Shonen Knife – [Album]

Thursday, 02 August 2012

It might sound difficult to believe, but Shonen Knife's newest album, Pop Tune, reiterates the idea that a band really doesn't need to change very much in order to keep listeners interested as years pass. This is, after all, Shonen Knife's eighteenth studio album since the band formed in 1981 – and the only real change to the band's formula in all that time has been the players which comprise their rhythm section. Does that mean their sound is played out? Some would say it couldn't not be but, like (almost) any Ramones record, those who know the band and know what they do will welcome another run around the block.

With the band's reasonably repetitive tradition in mind, it can only be said that “Welcome To The Rock Club” starts Pop Tune spinning exactly how everyone familiar with the band expects. From moment one, singer/guitarist (and sole surviving founding member) Naoko Yamano rifles through a tight and raucous (albeit “raucous” in a uniquely  “karaoke” sort of way) set of prefabricated punk changes which are easy enough to recognize but the catch – and what has always been Shonen Knife's ace in the hole – is the brightly colored and plush demeanor of the music; like a pair of over-sized pants made of fun fur, the song is just fun and good to see/ hear/ be next to as it passes by. There's no easier way to explain it, the presentation of “Welcome To The Rock Club” is adorable and innocent – but with a tiny, very sharp set of teeth just visible enough that the weary know not to dismiss them.

The little tease and nagging sense of candy-coated fun which hooks listeners in “Welcome To The Rock Club” endures through songs  like “Osaka Rock City” (which only sort of wraps KISS in fun fur, but is fun from both a uniquely 'KISS' standpoint as well as a japrock one), “All You Can Eat,” “Psychedelic Life” and “Ghost Train,” but what makes each both fun and frustrating is the fact that each song (as has always been the case with Shonen Knife's music) is perfectly two-dimensional, so is incapable of really pouncing on listeners or revealing some sinister undertone. Attempting to really dig deeply into any song on this record is pointless because each track is just sweet and unassuming fluff (check out lyrics like “When you go to an all you can eat all you can eat all you can eat/ look at the food as you're taking a seat taking  a seat taking a seat/ before you grab a plate, decide which one you want/ then help yourself to the food” from “All You Can Eat” and realize that they really are just about as sincerely adorable as they seem), so the challenge for listeners becomes just enjoying the music for what it is at face value because that's really all there is to it.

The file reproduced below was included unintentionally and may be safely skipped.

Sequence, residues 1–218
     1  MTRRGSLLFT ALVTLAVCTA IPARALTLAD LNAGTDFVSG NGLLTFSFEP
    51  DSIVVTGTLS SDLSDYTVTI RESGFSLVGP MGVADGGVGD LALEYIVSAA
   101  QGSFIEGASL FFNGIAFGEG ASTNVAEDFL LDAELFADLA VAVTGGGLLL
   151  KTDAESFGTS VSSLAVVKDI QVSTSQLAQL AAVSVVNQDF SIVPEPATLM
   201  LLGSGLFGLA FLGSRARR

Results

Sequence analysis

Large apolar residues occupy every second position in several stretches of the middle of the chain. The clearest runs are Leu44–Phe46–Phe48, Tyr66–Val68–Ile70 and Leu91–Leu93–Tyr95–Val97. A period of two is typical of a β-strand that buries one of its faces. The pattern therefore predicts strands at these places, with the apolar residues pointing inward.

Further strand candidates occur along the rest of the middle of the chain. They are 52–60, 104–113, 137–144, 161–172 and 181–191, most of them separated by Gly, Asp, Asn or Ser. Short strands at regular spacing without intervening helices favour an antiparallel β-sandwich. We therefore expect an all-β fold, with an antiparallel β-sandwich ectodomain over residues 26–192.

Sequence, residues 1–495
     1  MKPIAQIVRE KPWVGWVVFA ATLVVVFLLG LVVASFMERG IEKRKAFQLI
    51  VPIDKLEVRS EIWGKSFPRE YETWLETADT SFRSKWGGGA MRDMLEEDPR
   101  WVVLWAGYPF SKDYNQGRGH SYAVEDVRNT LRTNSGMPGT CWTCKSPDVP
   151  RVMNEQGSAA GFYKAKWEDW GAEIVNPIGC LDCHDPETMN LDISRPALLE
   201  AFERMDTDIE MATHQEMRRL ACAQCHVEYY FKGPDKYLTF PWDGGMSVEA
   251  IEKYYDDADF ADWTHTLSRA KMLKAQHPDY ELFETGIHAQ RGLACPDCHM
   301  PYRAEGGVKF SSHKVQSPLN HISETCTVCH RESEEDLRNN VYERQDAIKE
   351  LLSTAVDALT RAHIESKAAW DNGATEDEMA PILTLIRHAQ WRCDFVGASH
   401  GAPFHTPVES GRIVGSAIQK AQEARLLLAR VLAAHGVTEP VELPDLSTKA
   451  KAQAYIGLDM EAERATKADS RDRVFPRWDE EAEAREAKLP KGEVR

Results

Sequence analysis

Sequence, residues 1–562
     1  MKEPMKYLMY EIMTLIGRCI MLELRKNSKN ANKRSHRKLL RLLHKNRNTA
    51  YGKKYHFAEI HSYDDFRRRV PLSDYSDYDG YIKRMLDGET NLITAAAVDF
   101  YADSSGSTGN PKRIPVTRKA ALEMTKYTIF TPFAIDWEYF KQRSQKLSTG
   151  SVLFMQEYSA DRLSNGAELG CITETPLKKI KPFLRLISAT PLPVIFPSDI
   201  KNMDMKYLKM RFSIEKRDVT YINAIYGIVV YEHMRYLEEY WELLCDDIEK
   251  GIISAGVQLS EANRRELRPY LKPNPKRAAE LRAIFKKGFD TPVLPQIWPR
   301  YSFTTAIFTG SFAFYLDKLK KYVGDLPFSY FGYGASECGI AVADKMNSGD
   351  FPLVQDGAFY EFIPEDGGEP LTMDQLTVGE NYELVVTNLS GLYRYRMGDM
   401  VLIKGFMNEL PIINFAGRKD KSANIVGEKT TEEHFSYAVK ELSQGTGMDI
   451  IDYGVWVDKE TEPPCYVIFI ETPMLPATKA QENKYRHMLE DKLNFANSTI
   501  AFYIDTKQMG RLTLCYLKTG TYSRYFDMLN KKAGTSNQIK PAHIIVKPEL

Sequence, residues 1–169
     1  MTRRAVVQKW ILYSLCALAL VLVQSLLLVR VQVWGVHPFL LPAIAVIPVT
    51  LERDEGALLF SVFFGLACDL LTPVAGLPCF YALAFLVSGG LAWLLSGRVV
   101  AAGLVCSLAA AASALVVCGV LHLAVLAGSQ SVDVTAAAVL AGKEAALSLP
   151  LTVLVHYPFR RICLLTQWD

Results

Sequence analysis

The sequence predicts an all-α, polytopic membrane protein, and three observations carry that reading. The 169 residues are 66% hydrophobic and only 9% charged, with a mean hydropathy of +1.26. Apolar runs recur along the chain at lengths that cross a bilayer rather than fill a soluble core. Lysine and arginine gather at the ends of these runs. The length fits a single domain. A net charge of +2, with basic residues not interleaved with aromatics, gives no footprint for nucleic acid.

Standing back from Pop Tune after one has listened to it all the way through, listeners will have to realize that the record is exactly as good as anything Shonen Knife has ever released because it's digging on the exact same ground. Some might scoff, but think about this: it might be the same as ever, but the bright day-glo colors splattered everywhere on it are fresh and exciting, and the poppy melodies are pretty and memorable; which might be exactly what people said about the band when they released Pretty Little Baka Guy in 1986 (when they began singing more in Engrish than Japanese), but that shouldn't diminish it at all. As long as listeners are willing to take Pop Tune for exactly what it is, they'll love it.



Pop Tune
is out now. Buy it here on Amazon .

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